For gel-free mass spectrometry-based methods (i.e., liquid chromatography coupled to data-independent mass spectrometry analysis (LC/MSE) and two-dimensional LC/MSE (2D-LC/MSE))15, the samples extracted in the described urea buffer need to be further treated to eliminate the urea and thiourea, which could interfere with subsequent protein digestion and liquid chromatography separation. This desalting step can be accomplished using the commercial protein precipitation kits, following the manufacturer's instructions to precipitate the proteins. The sample can be then dissolved in 25 mM NH4HCO3 containing 0.1% cleavable detergents for protein digestion16. The precipitation of the proteins can eliminate buffer components, minimally affecting the protein content (protein recovery: >85%), thus rendering the sample suitable for every kind of analysis.

The application of this protocol for protein extraction from human mitral valves allowed for the identification of a total of 422 proteins, combining four different proteomics approaches previously described in detail11,15. Specifically, 169 proteins were identified by 2-DE, 330 proteins by liquid-phase IEF, 96 proteins by LC/MSE, and 148 proteins by 2D-LC/MSE (Table 1).

To classify the 422 identified proteins in terms of subcellular localization, a software was used for the gene ontology (GO) analysis (e.g., Cytoscape). The network created with the software and its corresponding plug-in showed that, besides the expected proteins localized in the extracellular region (see the upper-right portion of Figure 2), most of the proteins identified by the proteomic approaches were from the intracellular region (i.e., cytoplasm, organelles, vesicles, and cytoskeleton). Cell-surface proteins were also identified (Figure 2).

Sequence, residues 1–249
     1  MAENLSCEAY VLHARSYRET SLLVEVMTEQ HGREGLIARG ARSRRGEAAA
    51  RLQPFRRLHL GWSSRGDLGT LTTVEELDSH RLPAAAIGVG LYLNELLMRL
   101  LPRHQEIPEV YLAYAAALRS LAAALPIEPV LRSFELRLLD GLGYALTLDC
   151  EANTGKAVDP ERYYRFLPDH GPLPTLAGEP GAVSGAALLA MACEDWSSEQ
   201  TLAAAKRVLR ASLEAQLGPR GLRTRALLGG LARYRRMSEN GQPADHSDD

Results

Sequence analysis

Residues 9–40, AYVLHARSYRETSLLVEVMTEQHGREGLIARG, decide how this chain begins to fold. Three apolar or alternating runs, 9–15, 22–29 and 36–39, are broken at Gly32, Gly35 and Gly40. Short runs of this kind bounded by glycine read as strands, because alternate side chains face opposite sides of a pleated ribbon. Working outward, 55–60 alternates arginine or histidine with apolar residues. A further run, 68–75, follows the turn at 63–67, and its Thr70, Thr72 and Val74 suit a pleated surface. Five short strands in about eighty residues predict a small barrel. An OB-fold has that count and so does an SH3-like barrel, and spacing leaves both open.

Results were further confirmed in three independent mitral valve samples. Immunoblotting was used to analyze a group of four proteins (i.e., septin-11, four and a half LIM domains protein 1 (FHL-1), dermatopontin, and alpha-crystallin B (CryAB)) that have never been identified in the normal mitral valve (Figure 3).

Figure 1
Figure 1: Mitral valve structure. Top view of the human heart showing the closed (A) or open (B) human mitral valve. Front view of the left ventricle of a human heart (C). Please click here to view a larger version of this figure.

Figure 2
Figure 2: Analysis of the identified mitral valve proteins in term of cellular distribution. Cytoscape and the plugin BiNGO were used to obtain the distribution of gene ontology (GO) terms from the cellular component categories. The circle size is proportional to the number of protein components associated with the selected GO terms, and the color scale for the p-value of over-representation is reported. Please click here to view a larger version of this figure.